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Abstract

Abstract

Community literature, here, refers to a body of oral literatures by the diverse ethnic groups of India that speak thousands of indigenous languages. Many less explored indigenous groups with living oral traditions are found in India but their orality is not yet documented. In our attempts to find such cultural groups, we came across many cultural groups that are being ignored because of their small population, lack of political backup, lack of governmental upliftment policies, socio-economic conditions, or lifestyle. The cultural groups that are being referred to here are not the communities that live in tribal or forest areas but they are groups of people that live among us in our cities or villages. These groups mainly consist of migrating populations whose members wander here and there to earn their livelihood. These are the cursed communities in the sense that they have been ignored by all – by the government itself and also by the dominant cultural groups. In this paper, we try to record our own experiences and the difficulties that we faced while translating the oral tradition of such a cultural group – the Gādaliyā Luhār community. This paper also tries to show how translation is a two-tier (or a three-tier) process in countries such as India where the majority of marginalised cultural groups speak indigenous languages or dialects.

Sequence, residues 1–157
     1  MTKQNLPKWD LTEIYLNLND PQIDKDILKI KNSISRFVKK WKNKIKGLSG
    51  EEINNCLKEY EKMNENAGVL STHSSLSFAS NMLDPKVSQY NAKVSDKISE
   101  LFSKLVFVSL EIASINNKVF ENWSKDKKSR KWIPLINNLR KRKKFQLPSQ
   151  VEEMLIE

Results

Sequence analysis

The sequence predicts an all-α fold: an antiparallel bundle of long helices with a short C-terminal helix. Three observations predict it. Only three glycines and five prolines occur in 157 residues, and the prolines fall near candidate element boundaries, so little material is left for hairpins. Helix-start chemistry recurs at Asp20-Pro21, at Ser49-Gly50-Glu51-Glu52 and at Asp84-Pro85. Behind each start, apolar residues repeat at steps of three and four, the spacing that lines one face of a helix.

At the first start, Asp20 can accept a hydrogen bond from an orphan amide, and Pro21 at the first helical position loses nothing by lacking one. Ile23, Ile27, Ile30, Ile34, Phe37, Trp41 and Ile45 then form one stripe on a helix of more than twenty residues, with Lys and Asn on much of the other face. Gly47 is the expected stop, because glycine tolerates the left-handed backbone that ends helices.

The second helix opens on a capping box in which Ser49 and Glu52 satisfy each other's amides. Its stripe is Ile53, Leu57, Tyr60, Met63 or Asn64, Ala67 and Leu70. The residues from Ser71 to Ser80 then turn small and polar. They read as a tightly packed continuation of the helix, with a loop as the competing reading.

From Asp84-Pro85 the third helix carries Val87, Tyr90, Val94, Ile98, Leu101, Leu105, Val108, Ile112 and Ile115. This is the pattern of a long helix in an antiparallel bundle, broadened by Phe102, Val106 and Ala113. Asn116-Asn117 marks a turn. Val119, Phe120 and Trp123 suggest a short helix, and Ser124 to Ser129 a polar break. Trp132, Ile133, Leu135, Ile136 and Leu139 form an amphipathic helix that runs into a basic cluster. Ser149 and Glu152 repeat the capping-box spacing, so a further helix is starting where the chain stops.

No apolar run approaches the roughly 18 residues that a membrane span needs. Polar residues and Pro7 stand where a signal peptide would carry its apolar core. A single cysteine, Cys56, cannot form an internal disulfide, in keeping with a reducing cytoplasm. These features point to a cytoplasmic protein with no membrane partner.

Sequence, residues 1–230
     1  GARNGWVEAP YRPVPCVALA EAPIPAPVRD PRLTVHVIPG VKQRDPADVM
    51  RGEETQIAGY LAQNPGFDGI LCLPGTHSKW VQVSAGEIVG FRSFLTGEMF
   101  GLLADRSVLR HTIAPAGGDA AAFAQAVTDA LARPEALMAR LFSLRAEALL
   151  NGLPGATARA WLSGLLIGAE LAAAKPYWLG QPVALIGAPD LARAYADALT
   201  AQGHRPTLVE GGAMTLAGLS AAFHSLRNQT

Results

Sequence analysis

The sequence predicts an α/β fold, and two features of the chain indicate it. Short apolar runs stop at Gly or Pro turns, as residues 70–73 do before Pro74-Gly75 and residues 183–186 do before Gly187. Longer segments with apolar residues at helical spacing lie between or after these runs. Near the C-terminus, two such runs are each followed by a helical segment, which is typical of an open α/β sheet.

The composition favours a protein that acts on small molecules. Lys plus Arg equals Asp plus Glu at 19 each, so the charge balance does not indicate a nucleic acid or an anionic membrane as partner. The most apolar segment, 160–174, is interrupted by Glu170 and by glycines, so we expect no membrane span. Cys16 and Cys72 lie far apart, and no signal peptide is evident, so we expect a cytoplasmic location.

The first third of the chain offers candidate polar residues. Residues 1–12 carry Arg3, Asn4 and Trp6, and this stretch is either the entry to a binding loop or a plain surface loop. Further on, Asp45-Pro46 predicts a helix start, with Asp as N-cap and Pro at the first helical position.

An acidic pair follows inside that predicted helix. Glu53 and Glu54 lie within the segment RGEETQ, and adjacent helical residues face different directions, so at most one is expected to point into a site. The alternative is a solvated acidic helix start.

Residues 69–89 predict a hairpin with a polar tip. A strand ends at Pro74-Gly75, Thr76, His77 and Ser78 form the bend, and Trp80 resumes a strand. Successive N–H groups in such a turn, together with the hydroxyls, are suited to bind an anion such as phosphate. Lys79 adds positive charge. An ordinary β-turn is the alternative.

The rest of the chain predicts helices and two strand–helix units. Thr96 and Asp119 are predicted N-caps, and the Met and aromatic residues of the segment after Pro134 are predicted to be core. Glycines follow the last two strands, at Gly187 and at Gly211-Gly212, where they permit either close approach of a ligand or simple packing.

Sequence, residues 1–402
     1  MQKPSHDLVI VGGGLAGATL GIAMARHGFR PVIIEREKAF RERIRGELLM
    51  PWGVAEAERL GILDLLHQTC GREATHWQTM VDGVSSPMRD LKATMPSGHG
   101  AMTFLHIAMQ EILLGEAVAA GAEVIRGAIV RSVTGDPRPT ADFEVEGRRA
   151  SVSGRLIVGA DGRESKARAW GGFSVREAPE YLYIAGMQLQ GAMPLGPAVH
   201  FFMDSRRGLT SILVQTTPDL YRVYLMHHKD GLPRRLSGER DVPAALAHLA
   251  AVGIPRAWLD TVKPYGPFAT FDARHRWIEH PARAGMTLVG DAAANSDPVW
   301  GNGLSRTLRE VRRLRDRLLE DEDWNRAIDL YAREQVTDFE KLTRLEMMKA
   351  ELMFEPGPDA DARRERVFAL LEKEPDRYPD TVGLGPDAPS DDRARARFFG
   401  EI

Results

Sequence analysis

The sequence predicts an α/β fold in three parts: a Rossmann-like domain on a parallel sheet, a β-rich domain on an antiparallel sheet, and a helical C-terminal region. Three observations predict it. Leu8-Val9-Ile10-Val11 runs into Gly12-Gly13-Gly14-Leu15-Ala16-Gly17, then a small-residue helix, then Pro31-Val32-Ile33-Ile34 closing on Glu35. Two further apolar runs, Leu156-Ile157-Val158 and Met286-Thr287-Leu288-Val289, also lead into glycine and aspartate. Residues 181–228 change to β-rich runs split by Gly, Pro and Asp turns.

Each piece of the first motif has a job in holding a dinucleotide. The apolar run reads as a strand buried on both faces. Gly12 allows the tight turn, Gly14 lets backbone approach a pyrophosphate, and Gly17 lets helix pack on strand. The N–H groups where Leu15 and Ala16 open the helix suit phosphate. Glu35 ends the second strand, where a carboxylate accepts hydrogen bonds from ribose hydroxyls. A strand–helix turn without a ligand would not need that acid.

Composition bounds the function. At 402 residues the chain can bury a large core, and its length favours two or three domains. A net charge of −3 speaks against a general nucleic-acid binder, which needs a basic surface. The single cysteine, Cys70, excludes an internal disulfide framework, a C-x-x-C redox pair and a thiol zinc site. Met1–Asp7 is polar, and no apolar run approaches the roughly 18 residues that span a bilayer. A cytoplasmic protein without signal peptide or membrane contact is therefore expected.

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2020-07-15
2020-08-07
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  • Article Type: Research Article
Keywords: community literature; the Gādaliyā Luhār community; oral tradition
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